In 1530 a Frenchman wrote a book about eating at the tabled and stated one should keep your elbows at your sides and this evolveded into the elbows off the table thing. I looked this up using History of table manners. We often had this problem until I talked to my husband about it. I also feel manners are very important but there has to be a line drawn about how far you are willing to take this. My kids are eight and elevend and still need gengle reminding as does my husband. I asked hubby how important this was, is talking to the kids more importand or winning this argument. As your kids get older they will get better. Peace was more important for us and the kids stilled learned. One funny thing is when our son reminded my husband about his elbows I thought he was going to blow, I just smiles, thanked our son and then smiles at my husband. He know is better about gently reminding and not arguing about something that just upsets us all. Hope this helps. You can also look up other history on table manner websites with you kids and see how things have changes. Kids used to have to stand behind the adults and eat what was given them, when they were allowed to eat at the table, they could not talk, figet or look at the others eating. So maybe your boys will find this interesting and be greatful all they have to do is keep there elbows off the table!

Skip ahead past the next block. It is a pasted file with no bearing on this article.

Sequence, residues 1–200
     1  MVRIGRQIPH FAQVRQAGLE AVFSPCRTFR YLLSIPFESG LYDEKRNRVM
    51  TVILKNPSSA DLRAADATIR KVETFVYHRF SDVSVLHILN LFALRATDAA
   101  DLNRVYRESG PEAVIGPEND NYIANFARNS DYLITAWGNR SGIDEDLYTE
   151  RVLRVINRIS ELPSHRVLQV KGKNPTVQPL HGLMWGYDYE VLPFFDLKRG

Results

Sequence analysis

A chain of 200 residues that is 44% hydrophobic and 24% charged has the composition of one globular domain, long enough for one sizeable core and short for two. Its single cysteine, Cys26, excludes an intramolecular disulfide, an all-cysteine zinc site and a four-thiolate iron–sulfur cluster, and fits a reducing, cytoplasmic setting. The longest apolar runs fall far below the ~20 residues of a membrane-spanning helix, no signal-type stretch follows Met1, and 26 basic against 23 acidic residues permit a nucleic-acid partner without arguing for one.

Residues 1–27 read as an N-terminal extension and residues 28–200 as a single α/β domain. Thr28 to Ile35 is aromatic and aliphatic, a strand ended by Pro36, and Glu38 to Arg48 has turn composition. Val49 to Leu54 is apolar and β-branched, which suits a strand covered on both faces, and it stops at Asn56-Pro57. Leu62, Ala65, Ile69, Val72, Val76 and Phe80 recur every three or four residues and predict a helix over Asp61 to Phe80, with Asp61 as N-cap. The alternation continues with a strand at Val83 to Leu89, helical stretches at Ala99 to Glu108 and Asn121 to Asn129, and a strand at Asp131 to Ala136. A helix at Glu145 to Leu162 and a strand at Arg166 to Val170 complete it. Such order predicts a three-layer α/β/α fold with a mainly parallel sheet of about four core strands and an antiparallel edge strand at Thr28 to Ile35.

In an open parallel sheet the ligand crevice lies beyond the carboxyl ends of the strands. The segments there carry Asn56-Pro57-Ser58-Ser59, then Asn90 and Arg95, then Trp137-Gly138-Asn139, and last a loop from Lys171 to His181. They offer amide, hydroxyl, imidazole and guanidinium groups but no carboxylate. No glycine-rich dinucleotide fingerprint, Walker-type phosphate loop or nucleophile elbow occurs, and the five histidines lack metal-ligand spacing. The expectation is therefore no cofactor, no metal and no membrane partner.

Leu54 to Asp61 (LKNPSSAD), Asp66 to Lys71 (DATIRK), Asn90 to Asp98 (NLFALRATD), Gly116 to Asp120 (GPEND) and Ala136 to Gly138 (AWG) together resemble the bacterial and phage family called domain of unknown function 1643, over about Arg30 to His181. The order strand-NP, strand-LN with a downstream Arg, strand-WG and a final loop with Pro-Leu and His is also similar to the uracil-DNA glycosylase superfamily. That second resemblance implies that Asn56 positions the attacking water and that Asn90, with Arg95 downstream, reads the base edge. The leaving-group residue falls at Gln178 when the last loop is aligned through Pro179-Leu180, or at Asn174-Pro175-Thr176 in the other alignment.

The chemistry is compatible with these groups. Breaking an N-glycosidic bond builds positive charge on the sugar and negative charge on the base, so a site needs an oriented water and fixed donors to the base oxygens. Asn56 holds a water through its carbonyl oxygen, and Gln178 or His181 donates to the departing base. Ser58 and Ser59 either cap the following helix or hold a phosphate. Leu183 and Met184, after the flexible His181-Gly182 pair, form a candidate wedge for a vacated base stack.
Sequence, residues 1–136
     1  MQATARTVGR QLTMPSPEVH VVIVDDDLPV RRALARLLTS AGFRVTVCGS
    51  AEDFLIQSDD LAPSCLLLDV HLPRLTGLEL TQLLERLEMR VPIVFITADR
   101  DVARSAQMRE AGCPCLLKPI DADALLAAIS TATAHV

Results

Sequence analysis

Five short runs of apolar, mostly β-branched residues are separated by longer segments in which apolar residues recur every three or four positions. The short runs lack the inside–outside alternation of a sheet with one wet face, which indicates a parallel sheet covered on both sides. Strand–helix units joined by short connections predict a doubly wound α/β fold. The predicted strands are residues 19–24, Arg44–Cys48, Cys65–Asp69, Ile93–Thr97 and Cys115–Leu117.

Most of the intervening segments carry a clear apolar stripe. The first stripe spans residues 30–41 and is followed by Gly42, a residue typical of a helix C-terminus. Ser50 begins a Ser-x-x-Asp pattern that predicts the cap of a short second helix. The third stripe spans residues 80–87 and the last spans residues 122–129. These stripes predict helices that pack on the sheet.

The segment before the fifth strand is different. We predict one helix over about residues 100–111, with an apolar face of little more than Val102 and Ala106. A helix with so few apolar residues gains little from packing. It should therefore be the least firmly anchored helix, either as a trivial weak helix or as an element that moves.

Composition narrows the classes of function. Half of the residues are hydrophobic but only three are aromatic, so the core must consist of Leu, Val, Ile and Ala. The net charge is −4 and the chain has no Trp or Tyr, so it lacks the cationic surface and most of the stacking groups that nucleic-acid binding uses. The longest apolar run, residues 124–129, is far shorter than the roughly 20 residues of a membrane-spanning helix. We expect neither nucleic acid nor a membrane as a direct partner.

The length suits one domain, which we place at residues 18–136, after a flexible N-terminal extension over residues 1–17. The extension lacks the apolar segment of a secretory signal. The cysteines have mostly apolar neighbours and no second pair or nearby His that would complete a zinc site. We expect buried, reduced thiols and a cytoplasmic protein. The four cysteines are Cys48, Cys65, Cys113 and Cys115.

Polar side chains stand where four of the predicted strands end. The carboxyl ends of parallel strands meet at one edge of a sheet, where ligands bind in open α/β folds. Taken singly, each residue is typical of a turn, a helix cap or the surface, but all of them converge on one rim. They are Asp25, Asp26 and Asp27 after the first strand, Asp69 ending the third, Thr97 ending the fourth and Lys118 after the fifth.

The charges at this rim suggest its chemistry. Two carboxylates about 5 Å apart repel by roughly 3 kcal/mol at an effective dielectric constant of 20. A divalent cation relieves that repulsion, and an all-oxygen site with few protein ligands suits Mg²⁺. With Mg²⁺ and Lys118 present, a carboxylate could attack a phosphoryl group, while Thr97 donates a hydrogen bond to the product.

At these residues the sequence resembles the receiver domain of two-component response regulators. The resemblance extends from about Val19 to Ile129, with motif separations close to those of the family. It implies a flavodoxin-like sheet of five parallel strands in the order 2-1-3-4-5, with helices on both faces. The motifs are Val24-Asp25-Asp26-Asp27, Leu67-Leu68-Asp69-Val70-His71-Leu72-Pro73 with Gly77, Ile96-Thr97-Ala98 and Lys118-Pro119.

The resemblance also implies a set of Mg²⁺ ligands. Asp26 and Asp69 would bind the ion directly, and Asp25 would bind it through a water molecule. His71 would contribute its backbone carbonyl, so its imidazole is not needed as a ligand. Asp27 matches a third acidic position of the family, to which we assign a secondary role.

1 mom found this helpful


When I was a young girl, my grandmother made a game of table etiquette. Part of the game was to be polite and constructive while catching each other in poor etiquette. The most often caught was elbows on the table and talking with a mouth full of food. We also discussed why such things were expected of us. Traditions in etiquette go back centuries and are primarily ways to make a meal more enjoyable and cultured. In close settings, elbows on the table take up extra room and can result in something getting spilled or broken. The truth is that watching a table of diners using proper etiquette is a pleasure. Otherwise, it sometimes looks like a bunch of barn animals at a trough. After the meal is finished and people are just setting around talking formal etiquette is less necessary.